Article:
A friend of mine gifted me with 15 unused KFC buckets (you know, the kind you see in commercials, brimming with fried chicken). They were left over from some work event, probably used to collect tickets or donations. She had no use for them, but figured I would (and she was right).
They’ve been great for sorting materials while I prep for different projects and I decided I would use them when I visit schools, to create a buffet of supplies, neatly organized, but easily accessed.
First, however, I knew I had to re-cover them.
Because I know at least one friend will tease that I may have too much time on my hands if I’m pausing to decorate paper buckets, allow me to explain.
Upcyclers walk a fine line between chic and cheap. I frequently find people don’t know (or don’t believe) there’s a difference between upcycling and recycling, let alone understand the goal of crafting a more sustainable world. In jest or in judgement, the process and products of upcycling are often dismissed as frugality gone too far.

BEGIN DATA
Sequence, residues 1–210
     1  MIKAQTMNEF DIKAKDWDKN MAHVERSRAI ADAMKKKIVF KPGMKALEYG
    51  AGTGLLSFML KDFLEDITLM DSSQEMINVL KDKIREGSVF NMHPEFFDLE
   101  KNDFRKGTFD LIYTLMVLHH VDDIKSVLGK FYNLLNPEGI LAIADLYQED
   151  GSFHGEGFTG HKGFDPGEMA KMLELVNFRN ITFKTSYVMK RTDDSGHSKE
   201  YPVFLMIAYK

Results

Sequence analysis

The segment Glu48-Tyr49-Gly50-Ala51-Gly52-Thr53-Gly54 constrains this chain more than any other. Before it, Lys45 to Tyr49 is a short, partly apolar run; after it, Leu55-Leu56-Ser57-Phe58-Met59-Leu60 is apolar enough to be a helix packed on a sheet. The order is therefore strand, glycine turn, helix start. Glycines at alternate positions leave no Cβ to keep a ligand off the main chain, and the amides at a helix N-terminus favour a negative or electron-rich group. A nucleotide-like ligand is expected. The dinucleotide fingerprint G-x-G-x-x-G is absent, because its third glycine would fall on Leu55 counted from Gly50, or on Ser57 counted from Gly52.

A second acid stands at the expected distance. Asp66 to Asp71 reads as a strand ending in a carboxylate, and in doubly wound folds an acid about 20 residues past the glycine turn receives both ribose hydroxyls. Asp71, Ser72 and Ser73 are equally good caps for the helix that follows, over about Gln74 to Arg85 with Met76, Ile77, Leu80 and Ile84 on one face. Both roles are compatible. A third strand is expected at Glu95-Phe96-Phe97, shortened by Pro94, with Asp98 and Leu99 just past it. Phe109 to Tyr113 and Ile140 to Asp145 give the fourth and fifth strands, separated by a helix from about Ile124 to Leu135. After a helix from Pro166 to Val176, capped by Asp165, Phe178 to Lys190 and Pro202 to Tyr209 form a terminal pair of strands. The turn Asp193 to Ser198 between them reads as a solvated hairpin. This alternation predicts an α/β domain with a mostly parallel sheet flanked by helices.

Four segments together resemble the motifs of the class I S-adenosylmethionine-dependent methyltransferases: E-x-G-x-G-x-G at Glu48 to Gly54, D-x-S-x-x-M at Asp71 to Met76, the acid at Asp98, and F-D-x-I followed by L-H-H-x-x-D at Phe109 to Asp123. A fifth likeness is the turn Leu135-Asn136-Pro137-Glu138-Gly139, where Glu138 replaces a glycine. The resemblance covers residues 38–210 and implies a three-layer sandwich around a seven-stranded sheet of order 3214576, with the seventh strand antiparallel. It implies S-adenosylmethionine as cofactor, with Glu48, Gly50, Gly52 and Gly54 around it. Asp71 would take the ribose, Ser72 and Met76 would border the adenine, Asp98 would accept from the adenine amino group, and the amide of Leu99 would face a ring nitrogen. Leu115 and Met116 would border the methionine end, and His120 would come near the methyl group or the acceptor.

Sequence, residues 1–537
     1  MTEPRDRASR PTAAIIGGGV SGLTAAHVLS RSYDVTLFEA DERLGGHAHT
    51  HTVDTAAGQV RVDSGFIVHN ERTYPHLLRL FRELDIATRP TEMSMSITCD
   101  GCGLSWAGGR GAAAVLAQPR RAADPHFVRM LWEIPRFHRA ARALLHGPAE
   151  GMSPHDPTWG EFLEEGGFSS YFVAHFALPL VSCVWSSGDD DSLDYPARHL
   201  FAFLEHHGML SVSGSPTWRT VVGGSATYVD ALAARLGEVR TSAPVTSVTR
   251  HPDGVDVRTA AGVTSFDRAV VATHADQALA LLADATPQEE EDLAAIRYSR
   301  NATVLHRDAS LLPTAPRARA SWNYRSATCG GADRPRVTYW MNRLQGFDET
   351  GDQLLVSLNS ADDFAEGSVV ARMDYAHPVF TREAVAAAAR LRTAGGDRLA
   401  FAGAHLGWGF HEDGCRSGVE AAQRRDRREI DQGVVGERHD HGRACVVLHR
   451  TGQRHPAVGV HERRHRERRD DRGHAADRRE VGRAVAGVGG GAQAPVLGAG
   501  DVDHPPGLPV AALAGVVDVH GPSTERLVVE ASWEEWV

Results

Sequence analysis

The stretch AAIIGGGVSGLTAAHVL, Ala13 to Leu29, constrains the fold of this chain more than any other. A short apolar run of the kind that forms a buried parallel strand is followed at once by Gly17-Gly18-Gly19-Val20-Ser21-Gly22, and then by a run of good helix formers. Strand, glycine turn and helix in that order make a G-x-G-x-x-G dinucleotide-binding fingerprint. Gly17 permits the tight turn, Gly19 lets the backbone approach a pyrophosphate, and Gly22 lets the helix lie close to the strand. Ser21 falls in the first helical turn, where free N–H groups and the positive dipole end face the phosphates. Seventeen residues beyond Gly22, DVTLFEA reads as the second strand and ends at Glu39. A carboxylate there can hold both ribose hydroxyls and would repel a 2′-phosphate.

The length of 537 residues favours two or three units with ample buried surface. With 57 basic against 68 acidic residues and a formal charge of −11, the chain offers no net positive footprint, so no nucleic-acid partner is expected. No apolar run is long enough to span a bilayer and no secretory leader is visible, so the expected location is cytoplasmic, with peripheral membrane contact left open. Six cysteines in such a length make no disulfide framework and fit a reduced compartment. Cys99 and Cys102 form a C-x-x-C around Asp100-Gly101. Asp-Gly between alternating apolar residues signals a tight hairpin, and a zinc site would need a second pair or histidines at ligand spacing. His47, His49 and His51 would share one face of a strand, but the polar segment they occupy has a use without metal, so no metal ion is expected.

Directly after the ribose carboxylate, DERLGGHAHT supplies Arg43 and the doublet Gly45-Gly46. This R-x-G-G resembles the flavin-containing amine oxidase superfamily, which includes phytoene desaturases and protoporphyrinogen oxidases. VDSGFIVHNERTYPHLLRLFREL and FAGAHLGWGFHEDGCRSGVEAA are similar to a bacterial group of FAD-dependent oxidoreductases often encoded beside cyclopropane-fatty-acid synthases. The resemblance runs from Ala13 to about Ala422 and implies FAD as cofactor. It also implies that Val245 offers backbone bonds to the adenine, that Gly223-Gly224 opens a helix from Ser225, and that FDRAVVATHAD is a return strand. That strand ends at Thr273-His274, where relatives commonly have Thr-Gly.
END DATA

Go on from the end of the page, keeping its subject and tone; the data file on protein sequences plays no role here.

So, despite the fact that these buckets are uber-useful (not to mention a FREE resource for an educator/artist), if the logo is left visible, that’s all some people will see; “Oh, how clever. You used chicken buckets.” But, if I cover that logo, the focus remains where it should: on the container’s function and its contents.
No, I didn’t put a lot of time or thought into covering them – just a quick coat of Mod Podge and pages from old books once bound for the trash, plus washi tape to cover some scraggly seams – but look at the difference.
In the end, each time I’ve used them I’ve been unable to resist sharing the humble origin story for these buckets. I get the same reaction every time: people stare at them for a moment, then smile in recognition and marvel at how they didn’t notice (until now).
And there’s a teachable moment in that, too.